Wednesday, November 19, 2014

How Opportunity Urbanism can save the global economy (Part 1 of 2)

For many years now, economists have lamented the global "new normal" of sluggish growth in the developed economies of the world, including here in America.  I recently outlined a "big picture" view of Opportunity Urbanism and how it applies to this problem, and I'd like to share it with you here in the hopes of getting some good feedback in the comments.  Today is part one where I clarify the problem and frame the situation, and next week in part 2 I'll get to the solutions.

Core problem: income stagnation, declining middle class, lack of broad prosperity

Clarifying and redefining the problem
  • What people really want is a feeling of prosperity (i.e. a high standard of living), the measure of which is really cost-of-living adjusted incomes (COLA incomes), not just nominal incomes (see graph below).

  • By redefining prosperity this way, policy levers expand from just trying to increase incomes to also trying to reduce costs, especially housing costs (the largest driver).
  • Another way of thinking about COLA incomes is discretionary incomes – income left over after the basic costs of living, including housing.  Increasing discretionary incomes not only directly stimulates the economy with increased consumption, but also makes it easier to pursue additional education/skills, start a business, support charities, or save up the down payment for house.  Discretionary income is the fuel of economic growth and opportunity.
The situation today
  • The global marketplace and technology dictate incomes for a given education/skill level, which make it a very difficult lever to increase.  But costs-of-living are strongly driven by local factors that can be controlled.
  • As the basis of the economy shifts from industry to services, proximity to others matters more than ever before.  A factory can be anywhere and ship its products anywhere, but, generally speaking, most services need to be in-person.  This is pushing more and more of the population to agglomerate around major metros, and limited housing supply has driven up home prices and rents in those metros.
  • Economic and technological factors have directed ever more wealth to a relatively small population of elites, creating another driver of proximity as the services spending of those elites is a major part of the economy.  Economic opportunity is driven not just by proximity to others in general, but by proximity to these elites specifically.  This is yet another driver of major metro agglomeration and higher housing prices.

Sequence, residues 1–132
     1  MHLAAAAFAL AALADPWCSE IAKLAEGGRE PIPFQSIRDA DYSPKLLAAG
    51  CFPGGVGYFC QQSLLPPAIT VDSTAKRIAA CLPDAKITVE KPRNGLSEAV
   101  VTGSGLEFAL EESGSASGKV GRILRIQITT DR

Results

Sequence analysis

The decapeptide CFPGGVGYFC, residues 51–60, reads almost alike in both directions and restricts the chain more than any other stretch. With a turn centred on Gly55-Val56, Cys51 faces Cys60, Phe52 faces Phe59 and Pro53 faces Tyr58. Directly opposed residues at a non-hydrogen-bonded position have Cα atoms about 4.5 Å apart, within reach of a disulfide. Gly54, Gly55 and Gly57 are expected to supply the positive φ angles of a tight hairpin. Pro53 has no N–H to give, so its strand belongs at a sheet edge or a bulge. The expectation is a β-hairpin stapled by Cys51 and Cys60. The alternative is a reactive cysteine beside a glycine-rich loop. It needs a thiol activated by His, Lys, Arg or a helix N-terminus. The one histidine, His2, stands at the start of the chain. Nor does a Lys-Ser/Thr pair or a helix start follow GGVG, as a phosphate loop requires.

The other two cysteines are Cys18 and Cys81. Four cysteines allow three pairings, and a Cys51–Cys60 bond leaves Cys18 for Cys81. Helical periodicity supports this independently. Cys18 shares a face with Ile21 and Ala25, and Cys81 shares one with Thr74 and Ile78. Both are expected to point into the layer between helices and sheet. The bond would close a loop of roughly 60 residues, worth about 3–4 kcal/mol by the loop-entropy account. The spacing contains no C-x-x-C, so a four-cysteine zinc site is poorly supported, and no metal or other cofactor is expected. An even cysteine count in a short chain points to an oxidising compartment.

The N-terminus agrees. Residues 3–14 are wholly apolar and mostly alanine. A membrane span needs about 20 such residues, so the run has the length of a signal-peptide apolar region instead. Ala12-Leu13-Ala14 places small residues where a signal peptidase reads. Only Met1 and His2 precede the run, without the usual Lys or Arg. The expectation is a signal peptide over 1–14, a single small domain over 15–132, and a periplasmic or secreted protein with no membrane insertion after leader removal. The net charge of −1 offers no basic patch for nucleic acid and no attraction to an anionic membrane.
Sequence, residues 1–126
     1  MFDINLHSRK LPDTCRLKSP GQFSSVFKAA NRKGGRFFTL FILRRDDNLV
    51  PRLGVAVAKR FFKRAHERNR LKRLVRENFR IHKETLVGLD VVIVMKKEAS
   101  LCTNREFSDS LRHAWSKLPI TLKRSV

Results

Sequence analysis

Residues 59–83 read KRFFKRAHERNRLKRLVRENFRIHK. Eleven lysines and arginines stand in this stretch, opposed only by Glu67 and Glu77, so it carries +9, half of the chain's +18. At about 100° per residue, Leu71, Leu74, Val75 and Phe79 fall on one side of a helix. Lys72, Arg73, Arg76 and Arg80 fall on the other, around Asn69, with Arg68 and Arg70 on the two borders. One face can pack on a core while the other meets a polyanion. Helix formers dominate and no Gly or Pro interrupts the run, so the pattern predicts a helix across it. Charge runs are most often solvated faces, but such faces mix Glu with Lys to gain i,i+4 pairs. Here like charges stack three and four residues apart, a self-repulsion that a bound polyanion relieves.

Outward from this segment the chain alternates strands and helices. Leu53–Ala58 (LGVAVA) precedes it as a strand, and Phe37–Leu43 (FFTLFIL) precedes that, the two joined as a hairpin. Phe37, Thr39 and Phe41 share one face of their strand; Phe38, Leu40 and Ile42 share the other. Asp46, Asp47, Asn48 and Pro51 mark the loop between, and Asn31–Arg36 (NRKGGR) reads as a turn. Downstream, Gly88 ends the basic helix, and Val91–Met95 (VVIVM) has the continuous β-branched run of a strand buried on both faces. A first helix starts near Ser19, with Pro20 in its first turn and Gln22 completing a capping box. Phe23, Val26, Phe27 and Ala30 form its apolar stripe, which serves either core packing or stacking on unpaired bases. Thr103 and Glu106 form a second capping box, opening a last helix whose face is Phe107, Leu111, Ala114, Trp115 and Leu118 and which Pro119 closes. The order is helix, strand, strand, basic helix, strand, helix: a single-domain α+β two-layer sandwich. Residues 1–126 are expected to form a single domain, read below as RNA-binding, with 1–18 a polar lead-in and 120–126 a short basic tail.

• This lack of affordable residential space is shrinking family sizes and leading to destabilizing demographic implosions in Europe, Japan, and now the U.S. and China.
To sum up, the core challenge today is enabling affordable proximity.  Because we have mostly failed at that challenge, COLA/discretionary incomes are stagnant or down, reducing peoples’ ability to upgrade education/skills, start a business, or own a home – and resulting in a general malaise and lack of prosperity.

On a related note, The Economist recently published an article about studies regarding one aspect of this phenomenon: The geography of joblessness: The difficulty people have in getting to jobs makes unemployment unnecessarily high

Next week: the drivers of affordable proximity and strategies for increasing it.

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At 10:53 AM, November 21, 2014, Anonymous Neil said...

Sorry you haven't gotten feedback on here yet. I think that, so far, you're on point, so I won't challenge your thinking but will share this very related article:

At 6:53 PM, November 22, 2014, Blogger Tory Gattis said...

Thanks for the link. Interesting stuff. Houston seems to do pretty well on both if I'm interpreting the graphs correctly, although our affordability has certainly dropped the last few years. I general, I think the author might be sort of ignoring Texas because it doesn't fit their thesis - we are both affordable with mobility.


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